P-hailing riders will not need GDL, PSV licence, says Dr Wee


PUTRAJAYA: P-hailing riders delivering food and goods will not be compelled to have a Goods Driving Licence (GDL) or a Public Service Vehicle (PSV) licence, says Datuk Seri Dr Wee Ka Siong.

The Transport Minister also said food delivery riders will not be compelled to take their vehicles for checks at Puspakom inspection centres.

"I watched a few videos claiming that we are compelling all p-hailing riders to have a GDL and (take their vehicles for) compulsory Puspakom checks. This is all untrue," he said during a press conference at the Transport Ministry in Putrajaya on Wednesday (Aug 10).

ALSO READ: Dr Wee: P-hailing sector to come under Transport Ministry's purview

Dr Wee said the ministry is planning to amend the Road Transport Act 1987 to regulate the p-hailing industry, where riders will be registered under a system and given a licence.

"We want a special vocational licence for p-hailing riders. I guarantee that this will not be the same as GDLs that are compulsory for heavy vehicles," he said.

"A token will be given to p-hailing riders and it will not cost more than RM10," he said.

Dr Wee also said there had been proposals to implement a one-year moratorium on this requirement.

ALSO READ: ‘Blackout’: Food delivery riders gather at service provider’s HQ in protest

"These are all proposals and it will be fine-tuned through several engagement sessions for the (proposed amendment) Bill.

He also said there are proposals for p-hailing drivers to undergo a short induction course for the licence.

"It might be just three hours," he said, adding that the course could also be done online.

"The method will be finalised and it will not be a burden," said he added.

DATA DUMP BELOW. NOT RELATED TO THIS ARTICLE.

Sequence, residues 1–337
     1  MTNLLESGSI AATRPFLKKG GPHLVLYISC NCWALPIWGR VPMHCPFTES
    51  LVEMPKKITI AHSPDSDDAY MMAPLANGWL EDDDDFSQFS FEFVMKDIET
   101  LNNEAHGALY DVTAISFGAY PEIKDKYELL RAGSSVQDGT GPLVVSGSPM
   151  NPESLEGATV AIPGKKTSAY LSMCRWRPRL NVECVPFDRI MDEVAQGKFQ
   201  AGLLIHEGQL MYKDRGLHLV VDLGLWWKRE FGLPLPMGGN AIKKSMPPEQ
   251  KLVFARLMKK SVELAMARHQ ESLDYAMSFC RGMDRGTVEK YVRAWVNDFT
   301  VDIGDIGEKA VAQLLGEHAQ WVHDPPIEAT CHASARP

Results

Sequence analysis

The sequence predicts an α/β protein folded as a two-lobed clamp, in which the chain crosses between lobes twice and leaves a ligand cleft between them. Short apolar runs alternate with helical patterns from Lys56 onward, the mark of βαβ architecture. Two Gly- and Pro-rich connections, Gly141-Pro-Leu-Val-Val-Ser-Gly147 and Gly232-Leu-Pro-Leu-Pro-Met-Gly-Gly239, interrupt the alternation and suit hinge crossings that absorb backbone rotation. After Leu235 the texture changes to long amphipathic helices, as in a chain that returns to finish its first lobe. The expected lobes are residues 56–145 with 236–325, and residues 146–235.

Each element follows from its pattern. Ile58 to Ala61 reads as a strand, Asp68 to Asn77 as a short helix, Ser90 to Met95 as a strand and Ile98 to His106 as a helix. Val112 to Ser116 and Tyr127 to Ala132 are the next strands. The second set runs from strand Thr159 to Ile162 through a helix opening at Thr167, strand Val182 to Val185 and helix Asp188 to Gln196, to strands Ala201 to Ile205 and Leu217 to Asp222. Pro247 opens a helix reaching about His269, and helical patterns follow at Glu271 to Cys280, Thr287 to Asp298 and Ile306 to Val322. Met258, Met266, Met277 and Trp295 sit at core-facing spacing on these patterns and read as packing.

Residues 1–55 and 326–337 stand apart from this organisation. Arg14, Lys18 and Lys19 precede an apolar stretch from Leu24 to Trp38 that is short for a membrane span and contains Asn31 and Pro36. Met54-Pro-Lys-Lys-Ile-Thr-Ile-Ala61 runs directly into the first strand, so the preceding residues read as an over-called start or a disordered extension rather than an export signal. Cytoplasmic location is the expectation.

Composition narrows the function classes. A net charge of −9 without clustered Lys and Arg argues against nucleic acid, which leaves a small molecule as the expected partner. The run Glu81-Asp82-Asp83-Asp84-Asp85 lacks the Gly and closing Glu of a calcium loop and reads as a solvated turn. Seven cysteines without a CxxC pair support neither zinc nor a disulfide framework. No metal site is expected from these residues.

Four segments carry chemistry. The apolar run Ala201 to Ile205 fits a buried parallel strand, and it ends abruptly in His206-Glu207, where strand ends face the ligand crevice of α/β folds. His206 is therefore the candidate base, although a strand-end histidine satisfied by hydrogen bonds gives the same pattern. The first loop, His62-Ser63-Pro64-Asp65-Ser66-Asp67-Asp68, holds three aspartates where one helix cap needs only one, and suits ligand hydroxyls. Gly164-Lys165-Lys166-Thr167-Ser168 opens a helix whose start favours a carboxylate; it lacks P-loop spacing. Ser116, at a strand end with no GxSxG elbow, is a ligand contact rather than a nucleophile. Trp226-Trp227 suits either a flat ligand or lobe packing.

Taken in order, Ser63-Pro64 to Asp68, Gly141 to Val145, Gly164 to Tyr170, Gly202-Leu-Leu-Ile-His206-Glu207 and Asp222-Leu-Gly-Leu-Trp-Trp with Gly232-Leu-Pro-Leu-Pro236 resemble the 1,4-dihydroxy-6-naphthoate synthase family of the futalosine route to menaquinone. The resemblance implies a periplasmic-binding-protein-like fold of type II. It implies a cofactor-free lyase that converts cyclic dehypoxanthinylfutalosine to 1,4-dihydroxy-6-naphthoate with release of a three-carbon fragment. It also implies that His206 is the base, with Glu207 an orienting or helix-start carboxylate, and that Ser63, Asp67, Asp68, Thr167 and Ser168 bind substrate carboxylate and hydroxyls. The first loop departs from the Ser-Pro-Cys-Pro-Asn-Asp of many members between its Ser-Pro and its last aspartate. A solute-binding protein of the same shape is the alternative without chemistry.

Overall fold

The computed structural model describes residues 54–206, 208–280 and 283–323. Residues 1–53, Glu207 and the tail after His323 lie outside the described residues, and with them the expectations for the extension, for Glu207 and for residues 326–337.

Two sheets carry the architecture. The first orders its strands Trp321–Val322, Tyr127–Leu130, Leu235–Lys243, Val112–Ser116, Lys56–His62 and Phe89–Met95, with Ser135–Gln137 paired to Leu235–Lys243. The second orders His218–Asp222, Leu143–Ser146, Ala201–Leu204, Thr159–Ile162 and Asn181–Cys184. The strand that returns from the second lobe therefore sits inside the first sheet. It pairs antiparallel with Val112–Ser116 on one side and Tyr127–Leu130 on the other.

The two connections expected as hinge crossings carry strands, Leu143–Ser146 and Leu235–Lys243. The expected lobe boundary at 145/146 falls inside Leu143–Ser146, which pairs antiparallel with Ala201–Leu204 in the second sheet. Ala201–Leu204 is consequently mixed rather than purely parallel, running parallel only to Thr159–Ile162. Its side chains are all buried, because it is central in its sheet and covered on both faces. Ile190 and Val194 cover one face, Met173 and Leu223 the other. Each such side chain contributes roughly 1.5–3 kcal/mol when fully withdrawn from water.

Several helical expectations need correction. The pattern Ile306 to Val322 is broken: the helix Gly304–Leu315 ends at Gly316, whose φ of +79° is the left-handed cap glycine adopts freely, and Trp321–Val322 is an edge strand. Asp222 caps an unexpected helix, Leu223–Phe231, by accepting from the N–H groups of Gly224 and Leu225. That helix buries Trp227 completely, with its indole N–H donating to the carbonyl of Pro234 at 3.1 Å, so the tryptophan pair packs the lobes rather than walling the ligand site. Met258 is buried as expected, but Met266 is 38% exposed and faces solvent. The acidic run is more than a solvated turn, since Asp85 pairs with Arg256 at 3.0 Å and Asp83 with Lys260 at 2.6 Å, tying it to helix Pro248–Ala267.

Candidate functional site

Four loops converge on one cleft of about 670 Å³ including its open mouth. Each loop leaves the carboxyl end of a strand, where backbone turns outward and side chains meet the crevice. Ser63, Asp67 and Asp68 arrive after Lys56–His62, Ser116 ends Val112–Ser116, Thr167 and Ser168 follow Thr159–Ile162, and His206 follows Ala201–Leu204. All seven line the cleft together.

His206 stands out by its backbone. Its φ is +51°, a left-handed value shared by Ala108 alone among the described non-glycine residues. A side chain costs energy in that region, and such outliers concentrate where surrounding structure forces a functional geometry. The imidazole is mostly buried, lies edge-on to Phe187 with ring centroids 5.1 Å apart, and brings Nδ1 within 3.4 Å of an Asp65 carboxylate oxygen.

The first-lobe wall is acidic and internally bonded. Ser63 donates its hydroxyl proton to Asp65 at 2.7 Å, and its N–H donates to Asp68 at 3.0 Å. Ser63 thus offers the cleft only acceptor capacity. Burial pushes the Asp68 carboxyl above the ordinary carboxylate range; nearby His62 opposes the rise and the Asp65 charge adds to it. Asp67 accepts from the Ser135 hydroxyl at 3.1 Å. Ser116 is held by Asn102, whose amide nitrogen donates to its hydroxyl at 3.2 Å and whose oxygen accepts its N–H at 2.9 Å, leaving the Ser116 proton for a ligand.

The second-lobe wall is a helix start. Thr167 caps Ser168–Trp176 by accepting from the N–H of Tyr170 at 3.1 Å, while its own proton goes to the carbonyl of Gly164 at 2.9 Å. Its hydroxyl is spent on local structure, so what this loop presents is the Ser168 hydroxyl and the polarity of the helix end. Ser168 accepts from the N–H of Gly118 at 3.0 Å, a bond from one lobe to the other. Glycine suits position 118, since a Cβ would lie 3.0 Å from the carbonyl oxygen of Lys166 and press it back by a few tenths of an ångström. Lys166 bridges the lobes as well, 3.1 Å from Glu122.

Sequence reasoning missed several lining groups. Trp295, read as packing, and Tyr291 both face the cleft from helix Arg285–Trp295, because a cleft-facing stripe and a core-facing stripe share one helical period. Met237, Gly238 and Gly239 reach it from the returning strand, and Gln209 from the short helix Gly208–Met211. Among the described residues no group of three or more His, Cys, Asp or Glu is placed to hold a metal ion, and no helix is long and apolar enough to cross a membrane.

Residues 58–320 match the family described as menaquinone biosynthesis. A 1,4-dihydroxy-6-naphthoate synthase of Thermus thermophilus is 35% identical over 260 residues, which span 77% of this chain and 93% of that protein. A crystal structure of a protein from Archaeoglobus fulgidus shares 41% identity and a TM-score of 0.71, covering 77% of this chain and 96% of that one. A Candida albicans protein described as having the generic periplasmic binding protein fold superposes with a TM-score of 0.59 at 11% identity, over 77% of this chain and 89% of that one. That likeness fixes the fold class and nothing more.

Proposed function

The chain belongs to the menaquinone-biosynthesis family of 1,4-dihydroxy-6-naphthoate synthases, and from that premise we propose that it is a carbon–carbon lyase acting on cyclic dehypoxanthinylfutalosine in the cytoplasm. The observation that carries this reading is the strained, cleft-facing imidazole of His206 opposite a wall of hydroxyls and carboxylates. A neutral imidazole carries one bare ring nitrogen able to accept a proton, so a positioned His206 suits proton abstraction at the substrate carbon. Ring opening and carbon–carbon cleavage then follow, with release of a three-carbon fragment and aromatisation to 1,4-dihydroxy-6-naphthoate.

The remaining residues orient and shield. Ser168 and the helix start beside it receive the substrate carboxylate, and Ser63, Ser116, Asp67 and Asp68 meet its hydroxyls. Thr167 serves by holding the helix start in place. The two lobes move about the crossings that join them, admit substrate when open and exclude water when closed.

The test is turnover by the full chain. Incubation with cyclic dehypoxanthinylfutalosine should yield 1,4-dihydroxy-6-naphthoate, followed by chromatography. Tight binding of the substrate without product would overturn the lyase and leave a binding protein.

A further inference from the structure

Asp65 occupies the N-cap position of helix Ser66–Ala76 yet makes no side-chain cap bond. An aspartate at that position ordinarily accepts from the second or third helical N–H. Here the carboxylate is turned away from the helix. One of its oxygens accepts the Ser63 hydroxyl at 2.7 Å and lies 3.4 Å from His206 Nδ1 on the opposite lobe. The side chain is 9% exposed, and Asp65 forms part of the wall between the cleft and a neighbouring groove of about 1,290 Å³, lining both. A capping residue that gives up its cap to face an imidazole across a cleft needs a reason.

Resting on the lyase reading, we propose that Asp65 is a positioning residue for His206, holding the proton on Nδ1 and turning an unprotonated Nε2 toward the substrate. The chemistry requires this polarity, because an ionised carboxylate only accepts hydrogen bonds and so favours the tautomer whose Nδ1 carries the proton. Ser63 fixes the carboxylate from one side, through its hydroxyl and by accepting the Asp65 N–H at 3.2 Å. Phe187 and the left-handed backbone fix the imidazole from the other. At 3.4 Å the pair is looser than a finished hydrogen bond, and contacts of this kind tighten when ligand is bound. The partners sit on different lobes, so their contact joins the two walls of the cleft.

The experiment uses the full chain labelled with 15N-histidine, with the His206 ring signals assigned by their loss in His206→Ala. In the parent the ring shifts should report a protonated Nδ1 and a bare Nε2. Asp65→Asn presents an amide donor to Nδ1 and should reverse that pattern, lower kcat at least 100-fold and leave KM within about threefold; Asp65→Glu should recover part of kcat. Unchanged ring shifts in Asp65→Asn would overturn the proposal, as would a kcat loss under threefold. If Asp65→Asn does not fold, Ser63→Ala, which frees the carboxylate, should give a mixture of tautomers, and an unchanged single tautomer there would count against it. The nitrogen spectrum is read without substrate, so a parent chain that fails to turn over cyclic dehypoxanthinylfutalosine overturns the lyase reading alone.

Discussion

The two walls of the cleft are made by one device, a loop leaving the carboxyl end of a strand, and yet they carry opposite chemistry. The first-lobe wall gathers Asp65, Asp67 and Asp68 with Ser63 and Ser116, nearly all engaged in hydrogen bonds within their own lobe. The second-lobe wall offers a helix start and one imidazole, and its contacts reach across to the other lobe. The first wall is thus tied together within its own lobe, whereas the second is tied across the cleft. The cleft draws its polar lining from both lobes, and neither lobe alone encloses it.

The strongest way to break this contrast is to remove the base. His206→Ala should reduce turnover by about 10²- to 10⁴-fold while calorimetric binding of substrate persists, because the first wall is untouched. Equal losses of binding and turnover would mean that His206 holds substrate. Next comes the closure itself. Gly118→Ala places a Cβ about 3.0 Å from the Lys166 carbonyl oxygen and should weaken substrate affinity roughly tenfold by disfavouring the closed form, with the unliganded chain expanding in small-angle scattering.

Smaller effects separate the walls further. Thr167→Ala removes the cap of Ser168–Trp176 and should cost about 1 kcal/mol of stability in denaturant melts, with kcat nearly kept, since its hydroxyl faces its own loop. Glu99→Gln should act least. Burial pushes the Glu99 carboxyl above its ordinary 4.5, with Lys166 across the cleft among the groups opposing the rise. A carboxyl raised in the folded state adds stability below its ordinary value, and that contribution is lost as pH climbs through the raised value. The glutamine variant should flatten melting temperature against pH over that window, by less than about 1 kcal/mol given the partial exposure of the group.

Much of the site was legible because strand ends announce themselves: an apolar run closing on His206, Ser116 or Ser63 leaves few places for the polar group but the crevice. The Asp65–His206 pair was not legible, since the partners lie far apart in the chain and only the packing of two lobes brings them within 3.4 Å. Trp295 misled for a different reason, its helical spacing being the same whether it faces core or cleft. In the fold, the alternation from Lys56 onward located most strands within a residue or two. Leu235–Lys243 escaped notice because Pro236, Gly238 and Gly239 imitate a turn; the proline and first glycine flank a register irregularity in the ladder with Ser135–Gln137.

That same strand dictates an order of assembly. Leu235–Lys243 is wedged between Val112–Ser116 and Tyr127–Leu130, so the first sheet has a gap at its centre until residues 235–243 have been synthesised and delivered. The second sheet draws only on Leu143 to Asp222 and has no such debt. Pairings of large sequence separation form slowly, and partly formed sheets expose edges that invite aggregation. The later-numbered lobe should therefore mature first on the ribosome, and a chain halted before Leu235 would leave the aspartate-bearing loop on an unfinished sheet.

He said the proposed registration of p-hailing riders would also ensure that riders' welfare will be taken care of.

ALSO READ: Don't gig up on us, baby: P-hailing riders want full worker rights and benefits

"It is the government's wish to assist p-hailing groups, not make their lives harder.

"If we want to give aid, where can we obtain data on p-hailing drivers? Even ehailing operators do not have a full list. With this system, we will know with just one click," he said.

Meanwhile, Dr Wee said he was concerned by a recent Malaysian Institute of Road Safety Research (Miros) report, where the Integrated Transport Information System (Itis) monitored the driving behaviour of 16,038 riders at 11 roads in Kuala Lumpur.

The report found that 62% of p-hailing riders stopped in yellow boxes and pedestrian walkways, used handphones while riding (14%), beat red lights and made illegal U-turns (7%) and also went against traffic flow (3%).

Certain media reports recently claimed that amendments would be made to the Road Transport Act, the Commercial Vehicle Licensing Board Act and the Land Public Transport Act, which would require p-hailing riders to own a GDL.

On Monday (Aug 8), Dr Wee said the Cabinet agreed that amendments would be made to the laws.

Among the proposed amendments were for new licensing rules and to ensure that insurance protection is given to delivery riders and drivers.

Other proposed amendments also include reducing the minimum age of p-hailing riders from 21 to 18 years and eligibility for a vocational licence.

Recently, delivery riders in the country held a one-day strike to protest their plight such as low delivery fees.

Following the protest, a meeting was organised between the Transport Ministry, several delivery riders' associations and vendors.

More to come

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